Today, we sat down with Evereal to talk music inspiration, advice for future musicians and much more! Be sure to check out their Spotify list below after the interview!
Here is the interview:
What is your inspiration to write your music? Is it your surroundings?
Steve: Surroundings? not so much as what i am listening to at the time. Inspiration comes from strange places… a song, a rhythm, a drumbeat, a video game, or just a random idea pops into your head. The trouble often is keeping it there long enough until you can jot it down or record it. For instance our song “Veil” was inspired by a looney tunes cartoon. I just happened to be away for 2 weeks and had no access to recording equipment so I slowly wrote the song in my head over 2 weeks then quickly recorded it when I arrived home. Surprisingly it sounded very similar to imagined once recorded…which i can’t say the same for other ideas.
Alicja: Inspiration can come from anywhere, anytime lol! I use my cellphone recorder app to jot down melodies and ideas. Sometimes a word or phrase will start it or other times I want to capture a feeling. A lot of times I just start playing chords on the guitar and it comes out.
What type of music did you listen to growing up?
Steve: I was influenced by prog rock, Zeppelin, Kiss, Rush, Priest, Maiden. My older brother got me into these bands at an early age and I started learning how to play these bands as a pre-teen then started my own bands. As an adult I appreciated music much more than I did as a kid and branched out to bands like Saga, Dream Theatre, Megadeth, Within Temptation, Night Wish, Lacuna Coil etc.
Nelson: Ditto — I grew up listening to and playing Led Zeppelin, early Rush, The Scorpions, Black Sabbath, Deep Purple, Yes, Pink Floyd, Queen. I have my older brother to thank for turning me onto these bands. He kind of force-fed this stuff to me when I was young and listening to bubblegum pop music. I’m glad he did.
Alicja: My dad listened to Pink Floyd, Queen, The Scorpions, and I remember my mom listened to a lot of Boney M and Demis Roussos. In addition to those I listen to most anything now, Breaking Benjamin, Doja Cat, Bebe Rexha, In This Moment, Fifth Dawn, Papa Roach, Nickleback, Justin Nozuka, Journey, Chris Stapleton…my playlist is having an identity crisis!
Is there someone you looked up as a hero?
Steve: Musically I would say Neal Peart is high on my list. Not only was he a stellar ground breaking drummer but he wrote inspirational lyrics and was a humble guy. He always strived to improve and you could hear the patterns and precision in what he did. I found this inspirational and always strived to have that precision and drive to produce music consistently and accurately live.
Nelson: Again, ditto. Neil Peart was my hero, not just as a drummer but as a lyricist as well. He was very literary. My older brother took me to my first rock concert when I was 15. It was Rush. It blew my teenaged mind. John Bonham was also a god to me. My biggest regret is that he died before I got to see Led Zeppelin play live.
Alicja: two words. Dolly. Parton.
If you weren’t a musician, would you be doing today?
Steve: You ask the question as if musicians can make a living….That is a thing of the past. Not so long ago you could sell CD’s and play live shows and make a reasonable living but the digital age has taken all that away. People now consider music “Free” and are reluctant to pay for it. It can be had on the internet and streamed at no cost. Perhaps one day when musicians slowly disappear there will there be a concerted movement to support artists again and pay them for their work. It takes a lot of imagination to make a living as a musician these days.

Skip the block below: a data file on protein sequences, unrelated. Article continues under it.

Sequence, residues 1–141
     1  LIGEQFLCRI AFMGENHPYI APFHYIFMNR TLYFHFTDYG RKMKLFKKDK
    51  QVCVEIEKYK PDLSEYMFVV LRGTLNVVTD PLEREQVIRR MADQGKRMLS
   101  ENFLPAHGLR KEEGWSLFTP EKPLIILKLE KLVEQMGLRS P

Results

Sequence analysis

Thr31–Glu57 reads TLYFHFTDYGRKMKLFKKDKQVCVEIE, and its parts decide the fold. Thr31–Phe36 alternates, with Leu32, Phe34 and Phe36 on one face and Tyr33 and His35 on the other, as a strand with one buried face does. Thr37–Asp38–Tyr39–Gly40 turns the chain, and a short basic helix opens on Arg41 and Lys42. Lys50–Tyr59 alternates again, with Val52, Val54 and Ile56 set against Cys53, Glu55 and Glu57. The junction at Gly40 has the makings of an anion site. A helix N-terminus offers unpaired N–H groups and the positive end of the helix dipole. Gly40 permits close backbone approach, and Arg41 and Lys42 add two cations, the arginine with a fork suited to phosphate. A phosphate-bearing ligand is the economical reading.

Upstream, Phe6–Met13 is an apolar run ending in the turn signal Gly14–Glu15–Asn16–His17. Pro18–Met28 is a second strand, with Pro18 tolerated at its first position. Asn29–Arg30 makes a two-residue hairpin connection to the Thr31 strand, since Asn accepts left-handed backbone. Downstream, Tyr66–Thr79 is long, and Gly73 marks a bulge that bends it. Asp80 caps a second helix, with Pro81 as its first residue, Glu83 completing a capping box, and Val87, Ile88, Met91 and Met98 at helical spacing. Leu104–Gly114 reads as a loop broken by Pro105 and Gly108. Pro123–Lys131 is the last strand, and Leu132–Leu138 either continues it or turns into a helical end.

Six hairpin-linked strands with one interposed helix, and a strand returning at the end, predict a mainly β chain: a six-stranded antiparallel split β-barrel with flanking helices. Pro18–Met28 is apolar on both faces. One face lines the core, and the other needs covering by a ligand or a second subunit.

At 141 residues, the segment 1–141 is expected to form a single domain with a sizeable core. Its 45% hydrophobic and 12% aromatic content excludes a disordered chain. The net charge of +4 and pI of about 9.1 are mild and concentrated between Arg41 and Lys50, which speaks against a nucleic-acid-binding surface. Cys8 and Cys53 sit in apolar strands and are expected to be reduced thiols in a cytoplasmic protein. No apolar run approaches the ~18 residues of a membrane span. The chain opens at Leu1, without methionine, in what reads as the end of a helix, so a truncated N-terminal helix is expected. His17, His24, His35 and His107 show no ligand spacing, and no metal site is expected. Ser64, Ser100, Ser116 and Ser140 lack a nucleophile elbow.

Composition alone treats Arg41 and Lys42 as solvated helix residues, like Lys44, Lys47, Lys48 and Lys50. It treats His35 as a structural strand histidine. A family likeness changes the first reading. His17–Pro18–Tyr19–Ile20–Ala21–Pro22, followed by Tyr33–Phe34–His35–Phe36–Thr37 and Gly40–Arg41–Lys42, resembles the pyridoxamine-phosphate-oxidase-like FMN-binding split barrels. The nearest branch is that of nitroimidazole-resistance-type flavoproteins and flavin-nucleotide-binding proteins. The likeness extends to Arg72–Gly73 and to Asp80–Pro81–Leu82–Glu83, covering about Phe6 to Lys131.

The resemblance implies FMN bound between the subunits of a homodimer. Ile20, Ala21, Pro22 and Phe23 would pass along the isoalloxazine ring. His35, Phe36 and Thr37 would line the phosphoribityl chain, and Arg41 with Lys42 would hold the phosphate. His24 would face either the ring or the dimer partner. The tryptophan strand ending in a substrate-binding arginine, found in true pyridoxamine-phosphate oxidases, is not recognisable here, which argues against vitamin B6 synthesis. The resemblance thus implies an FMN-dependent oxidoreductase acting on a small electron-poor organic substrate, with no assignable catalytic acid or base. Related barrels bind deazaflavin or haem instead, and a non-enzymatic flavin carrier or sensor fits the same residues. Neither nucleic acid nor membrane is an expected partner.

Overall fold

Nelson: If I had never had music to channel my creativity into, I probably would have stuck with art — painting and drawing — which I dabbled in when I was younger.
Alicja: If I weren’t doing music in the small amount of spare time I have I would still be doing something creative. Art, photography, something like that for sure.
What advice do you have for our fans out there that want to create music?
Steve: Learn to play an instrument properly. Take lessons and learn the fundamentals. Find a mentor to help develop good habits. If possible learn classical or conservatory.
Get yourself a home recording setup and learn the basics of recording.
Find a good group of players to write and play with. Stick with them and grow together as a group. Don’t bounce all over joining band after band searching for that elusive “Perfect gig”. Work together through the hard times and personality conflicts.
Play what you like and not what you think other people will like. Stay true to what you love and allow the band to grow and change with the times.
Learn how social media works and promote yourself.
And most importantly get a good job because music is an expensive hobby. If you’re in it to get rich then don’t as you will most likely be let down. If something comes of it that’s great… just allow it to happen organically. Have fun with it.
Nelson: All good advice from the music side. I personally did not study music formally — I was self-taught and never learned to read drum notation until much later in life. Big regret there. On the lyric writing side, I would say read as much as you can, and jot down lines when they pop into your head, otherwise I guarantee, you’ll forget half of them. Read the classics, read science fiction, and read poetry. And buy a rhyming dictionary.
Alicja: I wish I had more actual lessons and knew the theory behind it. I would suggest to take lessons and learn your craft.
Oh yeah, and don’t let anyone tell you that you can’t do something. I unfortunately did not get supported in my musical dream and lost a lot of time because I listened to the naysayers telling me I would never succeed.